Before You Go Declaring Other Peoples' Characters Mary Sues...

Note: The concept of a "Mary Sue" is outdated and fraught with problems, and it's time to move on to a better way of looking at things. This article is here for reading purposes only. Please see "Does My Character Work Okay?" - How To Tell For Yourself! for character advice.

Or, "how to tell the difference between genuine Mary Sues and characters you just don’t like" or "The Anti-Mary Sue Litmus Test," because way too many people have been labelling characters Mary Sues right and left for no other reason than they just don't like the character

First, if the character is female, imagine if a male character took the alleged Mary Sue’s place and did everything the alleged Mary Sue did. Would you still perceive the character as a Mary Sue? Unless the character’s actions should reasonably have negative consequences in-universe yet don’t (eg, a female character does things that would realistically end up with her getting a death sentence in that particular time period/universe), the character probably isn’t a Mary Sue; you’re probably just sexist.

If the character you suspect to be a Mary Sue is one half of a ship, ask yourself:

If you’ve answered “no” to both, then the character is not a Mary Sue for being in a relationship. Contrast Bella Swan: as soon as she meets Edward Cullen, she becomes his life.

If the character you suspect to be a Mary Sue is a fan/new character who associates with canon/old characters in any other capacity, ask yourself:

If you’ve answered “no” to these questions, then the character is not a Mary Sue for associating with canon/old characters.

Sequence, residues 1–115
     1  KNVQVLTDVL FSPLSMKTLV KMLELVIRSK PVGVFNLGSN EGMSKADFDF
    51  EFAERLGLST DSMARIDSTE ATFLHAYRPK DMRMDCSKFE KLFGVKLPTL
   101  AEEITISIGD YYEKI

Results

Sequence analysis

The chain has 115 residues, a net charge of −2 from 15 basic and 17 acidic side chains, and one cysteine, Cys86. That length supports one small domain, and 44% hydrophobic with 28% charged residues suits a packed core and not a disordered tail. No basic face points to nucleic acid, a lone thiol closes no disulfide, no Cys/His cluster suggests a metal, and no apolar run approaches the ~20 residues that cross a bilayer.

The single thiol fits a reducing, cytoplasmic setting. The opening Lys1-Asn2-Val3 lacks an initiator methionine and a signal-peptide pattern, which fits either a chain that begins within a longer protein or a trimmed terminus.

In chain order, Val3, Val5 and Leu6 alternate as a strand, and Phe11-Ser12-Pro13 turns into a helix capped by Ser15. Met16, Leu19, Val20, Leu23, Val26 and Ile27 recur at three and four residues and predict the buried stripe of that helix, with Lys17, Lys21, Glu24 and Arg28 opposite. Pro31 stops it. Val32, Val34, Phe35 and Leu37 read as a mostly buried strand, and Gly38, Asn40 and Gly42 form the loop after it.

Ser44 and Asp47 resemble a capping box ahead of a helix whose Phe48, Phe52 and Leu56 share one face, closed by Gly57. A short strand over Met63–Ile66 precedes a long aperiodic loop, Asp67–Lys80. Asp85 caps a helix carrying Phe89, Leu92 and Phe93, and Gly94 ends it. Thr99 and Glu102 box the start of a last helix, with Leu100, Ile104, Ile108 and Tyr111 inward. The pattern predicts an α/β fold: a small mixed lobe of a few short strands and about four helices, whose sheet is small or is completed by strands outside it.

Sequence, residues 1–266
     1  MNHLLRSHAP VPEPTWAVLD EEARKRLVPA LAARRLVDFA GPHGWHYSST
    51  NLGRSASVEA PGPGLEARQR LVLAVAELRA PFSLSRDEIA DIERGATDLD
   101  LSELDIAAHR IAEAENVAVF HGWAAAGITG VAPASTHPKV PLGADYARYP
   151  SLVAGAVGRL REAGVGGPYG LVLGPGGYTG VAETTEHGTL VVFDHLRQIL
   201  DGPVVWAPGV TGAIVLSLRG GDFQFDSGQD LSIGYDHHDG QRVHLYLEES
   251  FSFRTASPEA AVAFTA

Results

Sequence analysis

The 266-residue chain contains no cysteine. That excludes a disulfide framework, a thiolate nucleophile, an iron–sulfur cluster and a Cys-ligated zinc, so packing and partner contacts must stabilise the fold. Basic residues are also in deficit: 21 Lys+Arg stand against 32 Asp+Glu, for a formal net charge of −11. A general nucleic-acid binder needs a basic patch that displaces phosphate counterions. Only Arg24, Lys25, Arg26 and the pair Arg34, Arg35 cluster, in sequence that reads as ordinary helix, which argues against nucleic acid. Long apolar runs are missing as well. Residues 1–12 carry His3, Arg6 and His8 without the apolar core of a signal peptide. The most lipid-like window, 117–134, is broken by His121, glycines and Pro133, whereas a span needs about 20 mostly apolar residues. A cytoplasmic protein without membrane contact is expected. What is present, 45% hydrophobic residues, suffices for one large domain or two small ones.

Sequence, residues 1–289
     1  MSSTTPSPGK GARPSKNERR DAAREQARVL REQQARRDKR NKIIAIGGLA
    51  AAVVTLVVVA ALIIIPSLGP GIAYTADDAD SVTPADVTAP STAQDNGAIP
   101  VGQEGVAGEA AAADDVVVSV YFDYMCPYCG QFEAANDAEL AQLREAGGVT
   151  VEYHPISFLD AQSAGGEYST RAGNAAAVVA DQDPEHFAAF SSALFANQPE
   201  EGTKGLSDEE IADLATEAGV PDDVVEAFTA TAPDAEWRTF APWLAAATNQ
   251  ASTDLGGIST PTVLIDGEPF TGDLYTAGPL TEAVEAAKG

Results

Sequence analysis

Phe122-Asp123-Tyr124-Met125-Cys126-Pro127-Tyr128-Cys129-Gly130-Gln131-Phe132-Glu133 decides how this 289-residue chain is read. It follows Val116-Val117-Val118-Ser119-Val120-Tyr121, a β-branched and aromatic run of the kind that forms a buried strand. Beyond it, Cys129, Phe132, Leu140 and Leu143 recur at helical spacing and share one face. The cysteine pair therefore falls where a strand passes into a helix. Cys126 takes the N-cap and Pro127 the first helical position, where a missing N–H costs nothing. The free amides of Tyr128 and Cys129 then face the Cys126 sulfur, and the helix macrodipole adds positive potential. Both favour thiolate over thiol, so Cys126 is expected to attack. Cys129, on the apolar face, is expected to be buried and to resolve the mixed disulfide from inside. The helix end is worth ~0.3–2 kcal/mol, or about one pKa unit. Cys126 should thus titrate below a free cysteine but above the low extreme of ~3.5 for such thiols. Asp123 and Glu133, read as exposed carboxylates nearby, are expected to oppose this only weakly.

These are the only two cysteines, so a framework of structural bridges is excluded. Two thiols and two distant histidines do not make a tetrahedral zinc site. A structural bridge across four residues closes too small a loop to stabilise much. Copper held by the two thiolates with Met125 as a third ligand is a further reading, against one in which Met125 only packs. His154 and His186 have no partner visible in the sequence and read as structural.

If the character is exceptionally powerful or talented, ask yourself:

If you’ve answered “yes” to the above, then the character is probably not a Mary Sue because xe is powerful. Contrast Bella Swan after becoming a vampire: she frequently chooses options that are presented in-story as having potentially dire consequences, but these consequences never play out. Her powers aren't attached to any real responsibility, either - all they do is make life easy and conflict-free for her.

If the character has a tragic and/or traumatic backstory, ask yourself:

Tragic and/or traumatic backstories can be vital for a character. When used right, they set foundations for who a character is. For example, Tony Stark's experience with the Ten Rings in the Iron Man film was what prompted him to make the transition from a selfish and spoiled brat to a man who, while still childish in many ways, started putting the needs and lives of others before himself. A Mary Sue will have a tragic backstory mainly as a cheap grab for attention through pity and/or admiration.

See also:

What Is A Mary Sue?
Mary Sue Subtypes
The Universal Mary Sue Litmus Test
How To Write Powerful & Extraordinary Characters Without Being Obnoxious Or Boring
Basic Advice For Giving Useful Feedback To Creators

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